Friday, October 31, 2008

Phrygians (Bryges or Briges) and Macedonia

Thessaloniki, location of ancient Mygdonia, Macedonian home of the Bryges.

Phrygians are supposed to have migrated from the Balkans (Macedonia and Thrace) somewhere between 12th and the 8th centuries BC. This point is not clear, as many works are dealing on the object now, so we can expect new knowledge.The beginning of the Phrygian state is unknown. It appears for the first time as a well-organized kingdom, under Midas' authority, in the end of the 8th c. BC. We know nothing for sure before him, but there was probably a king Gordias. We have very little information about the rise of Phrygia" Prof. Garance Fielder, Aix-en-Provence Univercity, France.

Legends and history also record how the Phrygians had initially settled in area of Macedonia. Known in this area in classical times as the Bryges, we can theorize whether they prompted the Dorian, Thessalian and other movements south about this time, or if they were part of a general southward movement of peoples in the Balkans in this era. The Bryges were known to have lingered at various locations in the region of greater Macedonia for centuries after their brethren had debarked for Anatolia".

Establishing their capital at Edessa in their decades sojourning in Macedonia, the Bryges™ language and culture mixed with that of the local Thracians while they dominating an area equivalent to Philip’s Macedonia. After some time dominating northern Greece and the southern Balkans, the bulk of the Bryges moved on into Anatolia, picking up the mantle dropped by the Hittites and filling up the power vacuum there to become known as the Phrygians. The reason for this may have been connected with their knowledge of the legends of the former Hittite riches or that of the contemporary Near Eastern states. New pressures from the north by the Illyrians and others could also have prompted their new "Edessa, the most ancient city of first Macedonians, the legendary and historical capital of Argeades royal dynasty, known in the era of Macedonian kings as Aegae, was built by Bryges a prehistoric pepople existing in the middle of 3th millenium BC, long ago before Greek tribes emerged in Europe"Alice Stougianakis, Greek archaologist worked in 60's Edessa's excavations.

Abstract from her article in Edessan Chronicles Magazine, May 1972

According to the Telegony (Epic Cycle), Odysseus came upon the land of Thesprotia where he stayed for a number of years. He married Thesprotia's queen, Kallidike (Callidice, Kallidice) and had a son with her Polypoetes. Odysseus led the Thesprotians in the war against the Brygoi (Brygi), but lost the battle because Ares was on the Brygoi side. Athena went to support Odysseus, by engaging the war god in another confrontation until Apollo separated them. When Kallidike died, Odysseus returned home to Ithaca, leaving their son, Polypoetes, to rule Thesprotia.Ares Blessings - The BrygoiSome text mentioning the Mushki in Hittite area:This left the Hittite homelands vulnerable to attack from all directions, and Hattusa was burnt to the ground sometime around 1180 BC following a combined onslaught from Gasgas, Bryges and Luwians. The Hittite Empire thus vanished from the historical record.By 1160 BC, the political situation in Asia Minor looked vastly different from how it had only 25 years earlier. In that year, the Assyrians were dealing with the Mushku pressing into northernmost Mesopotamia from the Anatolian highlands, and the Gasga people, the Hittites' old enemies from the northern hill-country between Hatti and the Black Sea, seem to have joined them soon after. The Mushku or Mushki had apparently overrun Cappadocia from the West, with recently discovered epigraphic evidence confirming their origins as the Balkan "Bryges" tribe, forced out by the Macedonians.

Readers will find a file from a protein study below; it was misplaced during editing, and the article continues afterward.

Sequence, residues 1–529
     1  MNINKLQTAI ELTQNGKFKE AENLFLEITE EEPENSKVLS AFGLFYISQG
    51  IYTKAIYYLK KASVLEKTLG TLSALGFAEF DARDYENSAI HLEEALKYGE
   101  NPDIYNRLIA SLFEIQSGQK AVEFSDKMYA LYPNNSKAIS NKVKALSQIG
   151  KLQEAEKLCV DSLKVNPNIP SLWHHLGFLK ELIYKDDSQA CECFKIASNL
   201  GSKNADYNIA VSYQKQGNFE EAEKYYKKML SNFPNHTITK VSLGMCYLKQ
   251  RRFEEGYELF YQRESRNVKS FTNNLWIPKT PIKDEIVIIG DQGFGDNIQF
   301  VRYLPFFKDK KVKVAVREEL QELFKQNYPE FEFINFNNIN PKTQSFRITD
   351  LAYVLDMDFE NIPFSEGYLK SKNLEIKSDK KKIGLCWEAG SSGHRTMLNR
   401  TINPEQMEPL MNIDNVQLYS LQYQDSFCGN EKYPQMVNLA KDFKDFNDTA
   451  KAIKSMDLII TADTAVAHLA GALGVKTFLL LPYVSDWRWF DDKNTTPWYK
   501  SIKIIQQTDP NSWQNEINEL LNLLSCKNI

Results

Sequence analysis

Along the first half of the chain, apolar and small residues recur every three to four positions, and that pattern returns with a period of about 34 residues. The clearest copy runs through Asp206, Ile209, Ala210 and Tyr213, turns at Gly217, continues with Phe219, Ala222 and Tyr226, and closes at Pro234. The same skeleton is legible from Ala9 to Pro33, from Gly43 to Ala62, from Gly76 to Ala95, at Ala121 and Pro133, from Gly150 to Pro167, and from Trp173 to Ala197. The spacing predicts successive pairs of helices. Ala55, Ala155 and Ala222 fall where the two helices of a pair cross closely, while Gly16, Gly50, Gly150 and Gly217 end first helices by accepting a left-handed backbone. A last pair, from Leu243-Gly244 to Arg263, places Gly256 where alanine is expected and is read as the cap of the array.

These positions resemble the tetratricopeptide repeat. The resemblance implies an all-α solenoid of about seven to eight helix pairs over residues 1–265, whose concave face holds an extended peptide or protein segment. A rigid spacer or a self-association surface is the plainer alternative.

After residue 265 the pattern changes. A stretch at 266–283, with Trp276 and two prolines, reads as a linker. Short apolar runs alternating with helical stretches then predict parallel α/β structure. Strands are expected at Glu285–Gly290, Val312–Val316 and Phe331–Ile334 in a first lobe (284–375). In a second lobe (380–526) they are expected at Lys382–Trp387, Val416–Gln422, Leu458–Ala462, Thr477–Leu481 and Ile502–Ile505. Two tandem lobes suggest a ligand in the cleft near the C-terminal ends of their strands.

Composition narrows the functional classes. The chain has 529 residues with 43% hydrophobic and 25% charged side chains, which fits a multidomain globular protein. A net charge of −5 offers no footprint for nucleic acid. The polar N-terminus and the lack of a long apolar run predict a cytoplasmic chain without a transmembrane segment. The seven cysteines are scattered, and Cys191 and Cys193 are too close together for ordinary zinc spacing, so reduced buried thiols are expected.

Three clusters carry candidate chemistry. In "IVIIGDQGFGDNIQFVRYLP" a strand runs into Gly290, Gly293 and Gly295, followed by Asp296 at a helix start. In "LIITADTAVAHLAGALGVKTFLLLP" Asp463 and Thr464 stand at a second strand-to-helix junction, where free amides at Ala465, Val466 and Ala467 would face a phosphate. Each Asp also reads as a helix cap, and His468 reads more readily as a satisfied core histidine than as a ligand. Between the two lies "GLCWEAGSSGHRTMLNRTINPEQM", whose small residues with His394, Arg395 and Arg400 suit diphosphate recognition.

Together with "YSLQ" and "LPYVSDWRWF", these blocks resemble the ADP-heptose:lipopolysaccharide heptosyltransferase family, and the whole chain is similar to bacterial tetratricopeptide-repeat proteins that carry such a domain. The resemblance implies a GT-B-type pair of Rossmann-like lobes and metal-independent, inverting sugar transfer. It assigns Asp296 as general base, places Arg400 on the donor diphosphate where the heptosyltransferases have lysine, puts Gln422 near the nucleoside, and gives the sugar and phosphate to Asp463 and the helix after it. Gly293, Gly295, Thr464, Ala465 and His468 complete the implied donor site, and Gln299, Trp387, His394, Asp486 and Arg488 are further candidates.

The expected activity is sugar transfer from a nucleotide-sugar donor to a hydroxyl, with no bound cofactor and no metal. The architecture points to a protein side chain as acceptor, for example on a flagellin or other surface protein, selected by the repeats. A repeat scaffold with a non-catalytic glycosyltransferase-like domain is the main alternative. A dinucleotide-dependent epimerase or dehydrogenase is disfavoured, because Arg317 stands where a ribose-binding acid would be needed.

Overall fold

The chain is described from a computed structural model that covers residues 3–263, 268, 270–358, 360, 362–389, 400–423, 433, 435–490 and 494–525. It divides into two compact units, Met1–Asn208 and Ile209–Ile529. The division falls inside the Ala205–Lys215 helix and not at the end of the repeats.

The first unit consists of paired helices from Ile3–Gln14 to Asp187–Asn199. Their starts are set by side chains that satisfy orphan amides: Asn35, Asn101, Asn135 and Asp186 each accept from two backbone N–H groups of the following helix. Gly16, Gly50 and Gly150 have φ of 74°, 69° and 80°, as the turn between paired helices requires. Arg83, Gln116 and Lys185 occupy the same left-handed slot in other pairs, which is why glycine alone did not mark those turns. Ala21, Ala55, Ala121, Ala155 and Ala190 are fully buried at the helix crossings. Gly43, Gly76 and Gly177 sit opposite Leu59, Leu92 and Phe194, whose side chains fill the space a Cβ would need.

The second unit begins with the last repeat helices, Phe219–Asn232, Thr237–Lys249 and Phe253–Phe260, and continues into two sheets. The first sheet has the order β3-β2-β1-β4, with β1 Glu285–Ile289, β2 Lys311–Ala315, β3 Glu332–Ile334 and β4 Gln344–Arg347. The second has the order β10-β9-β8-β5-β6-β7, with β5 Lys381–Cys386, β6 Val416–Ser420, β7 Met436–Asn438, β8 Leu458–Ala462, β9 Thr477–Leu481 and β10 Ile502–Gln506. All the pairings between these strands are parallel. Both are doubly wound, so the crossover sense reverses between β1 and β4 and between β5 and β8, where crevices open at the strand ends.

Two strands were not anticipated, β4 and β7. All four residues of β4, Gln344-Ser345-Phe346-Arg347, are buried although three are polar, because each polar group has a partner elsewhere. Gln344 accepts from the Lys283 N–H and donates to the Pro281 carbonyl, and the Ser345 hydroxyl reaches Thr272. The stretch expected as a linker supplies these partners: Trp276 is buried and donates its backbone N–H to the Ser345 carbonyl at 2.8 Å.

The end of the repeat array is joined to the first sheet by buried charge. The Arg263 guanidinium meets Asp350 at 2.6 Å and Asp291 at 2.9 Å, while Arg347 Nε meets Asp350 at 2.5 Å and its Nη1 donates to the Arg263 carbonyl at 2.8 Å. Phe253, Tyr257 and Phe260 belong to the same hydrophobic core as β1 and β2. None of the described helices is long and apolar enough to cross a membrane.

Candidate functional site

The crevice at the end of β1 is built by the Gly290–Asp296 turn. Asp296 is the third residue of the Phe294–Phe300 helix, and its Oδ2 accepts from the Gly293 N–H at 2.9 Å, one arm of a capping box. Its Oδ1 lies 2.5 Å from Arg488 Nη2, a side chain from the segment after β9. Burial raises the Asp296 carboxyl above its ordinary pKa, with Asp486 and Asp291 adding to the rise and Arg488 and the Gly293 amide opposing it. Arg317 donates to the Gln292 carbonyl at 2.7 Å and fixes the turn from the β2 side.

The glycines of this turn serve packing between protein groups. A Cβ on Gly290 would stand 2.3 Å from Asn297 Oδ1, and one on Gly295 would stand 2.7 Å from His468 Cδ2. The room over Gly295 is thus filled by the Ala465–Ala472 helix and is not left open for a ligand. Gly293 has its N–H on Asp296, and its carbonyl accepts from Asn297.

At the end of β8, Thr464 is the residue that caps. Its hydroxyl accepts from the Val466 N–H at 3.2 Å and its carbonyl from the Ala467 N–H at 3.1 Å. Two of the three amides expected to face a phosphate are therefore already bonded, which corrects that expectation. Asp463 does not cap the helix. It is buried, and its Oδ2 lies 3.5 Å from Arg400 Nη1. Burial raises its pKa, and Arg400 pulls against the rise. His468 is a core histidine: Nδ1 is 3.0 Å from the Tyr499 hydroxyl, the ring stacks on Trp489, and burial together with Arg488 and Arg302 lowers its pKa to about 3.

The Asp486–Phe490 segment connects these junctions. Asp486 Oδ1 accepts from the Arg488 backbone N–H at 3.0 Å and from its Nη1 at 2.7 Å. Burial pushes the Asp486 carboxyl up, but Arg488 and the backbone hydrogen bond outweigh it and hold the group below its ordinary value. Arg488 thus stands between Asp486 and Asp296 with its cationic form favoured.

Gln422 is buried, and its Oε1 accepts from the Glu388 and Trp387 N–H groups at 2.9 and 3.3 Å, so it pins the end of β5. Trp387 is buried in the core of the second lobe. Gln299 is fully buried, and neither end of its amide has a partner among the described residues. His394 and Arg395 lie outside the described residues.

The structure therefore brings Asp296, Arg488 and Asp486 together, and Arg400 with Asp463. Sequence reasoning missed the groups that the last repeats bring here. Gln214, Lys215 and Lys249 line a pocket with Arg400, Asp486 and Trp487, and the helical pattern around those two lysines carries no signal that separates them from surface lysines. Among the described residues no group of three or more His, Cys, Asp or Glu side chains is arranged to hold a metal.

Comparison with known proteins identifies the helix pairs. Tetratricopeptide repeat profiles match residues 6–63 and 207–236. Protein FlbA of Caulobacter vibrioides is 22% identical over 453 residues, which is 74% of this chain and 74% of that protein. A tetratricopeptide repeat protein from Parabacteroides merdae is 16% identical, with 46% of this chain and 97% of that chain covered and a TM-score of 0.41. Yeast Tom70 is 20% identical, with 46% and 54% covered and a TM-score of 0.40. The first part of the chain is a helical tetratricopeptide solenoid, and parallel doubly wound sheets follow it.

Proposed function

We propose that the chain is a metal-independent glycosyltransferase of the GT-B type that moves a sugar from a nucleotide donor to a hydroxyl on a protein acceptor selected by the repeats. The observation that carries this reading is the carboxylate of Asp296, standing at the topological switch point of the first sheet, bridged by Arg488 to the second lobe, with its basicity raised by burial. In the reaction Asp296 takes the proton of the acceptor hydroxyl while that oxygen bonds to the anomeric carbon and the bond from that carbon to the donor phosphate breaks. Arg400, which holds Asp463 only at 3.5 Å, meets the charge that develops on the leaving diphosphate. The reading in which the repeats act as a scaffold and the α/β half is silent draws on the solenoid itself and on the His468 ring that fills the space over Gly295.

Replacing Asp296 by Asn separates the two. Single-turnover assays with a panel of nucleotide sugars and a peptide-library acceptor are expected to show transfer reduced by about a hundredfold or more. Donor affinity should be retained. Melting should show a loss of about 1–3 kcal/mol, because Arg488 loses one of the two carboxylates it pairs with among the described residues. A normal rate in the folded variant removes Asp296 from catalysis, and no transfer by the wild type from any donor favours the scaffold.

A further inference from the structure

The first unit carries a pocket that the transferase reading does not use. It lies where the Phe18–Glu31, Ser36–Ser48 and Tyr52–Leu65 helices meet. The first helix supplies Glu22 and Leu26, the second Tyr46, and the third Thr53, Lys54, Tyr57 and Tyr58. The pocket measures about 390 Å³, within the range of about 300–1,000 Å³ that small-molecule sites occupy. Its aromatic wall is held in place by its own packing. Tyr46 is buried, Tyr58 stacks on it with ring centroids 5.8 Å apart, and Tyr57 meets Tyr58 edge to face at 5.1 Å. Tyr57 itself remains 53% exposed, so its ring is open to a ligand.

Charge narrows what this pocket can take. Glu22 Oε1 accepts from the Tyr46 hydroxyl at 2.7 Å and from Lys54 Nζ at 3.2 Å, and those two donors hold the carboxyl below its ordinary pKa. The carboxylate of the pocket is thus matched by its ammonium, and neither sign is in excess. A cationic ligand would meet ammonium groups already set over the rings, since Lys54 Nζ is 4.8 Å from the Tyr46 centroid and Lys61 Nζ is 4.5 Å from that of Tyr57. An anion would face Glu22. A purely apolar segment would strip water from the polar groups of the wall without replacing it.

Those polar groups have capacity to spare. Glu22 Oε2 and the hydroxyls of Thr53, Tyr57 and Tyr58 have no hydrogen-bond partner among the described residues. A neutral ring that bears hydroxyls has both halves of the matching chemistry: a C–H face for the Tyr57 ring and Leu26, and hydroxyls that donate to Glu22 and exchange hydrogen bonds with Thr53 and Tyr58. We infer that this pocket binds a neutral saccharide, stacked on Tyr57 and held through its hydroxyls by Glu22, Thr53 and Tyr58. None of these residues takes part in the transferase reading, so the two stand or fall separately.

The Makednoi from the mountains of Epirus moved out towards the south pushing the Bryghes out of the area.or perhaps by the Illyrians prior to 1500B.C..

Also there was a Brucidas capitol of the Bryghes found on the Via Egnatia road between Heracleia Lyncestis and Patrae/Claudanum .

A intresting opinion from Margalit Finkelberg as about the Phrygians and theirs relationship with the IE theory.

The Phrygians spoke an Indo-European language closely related to Greek, which allows us to suppose that their position as regards the Greeks could not have differed much from that of the Macedonians.Yet, no ancestor of the Phrygians is mentioned in Greek genealogies on a par with Makedon and Graikos. This ‘structural amnesia’ was obviously due to the fact that, as distinct from the Macedonians who remained in their original habitat in southeastern Europe, the Phrygians moved to Anatolia in the time of the great migrations at the end of the Bronze Age.

Of all the languages of the East Indo-European group only Greek, Macedonian and Phrygian are centum languages, that is, they did not develop the palatalisation of the velar consonants characteristic of the other East Indo-European languages (Armenian, Albanian, Indo-Iranian, the Slavic and Baltic languages). This common retention can only be accounted for if we assume that the Greeks, Macedonians and Phrygians jointly separated from the proto-Indo-European unity and left for the Balkans before satemisation of the rest of the East Indo-European languages had taken place. Had Greek and Phrygian separated before the arrival of the Greeks in the Balkans, Phrygian should have been related to Greek approximately as are Armenian or Iranian, which also belong to the Eastern group of Indo-European languages and are quite close to Greek.

  2. Margalit finkelberg, Greeks and pre-Greeks

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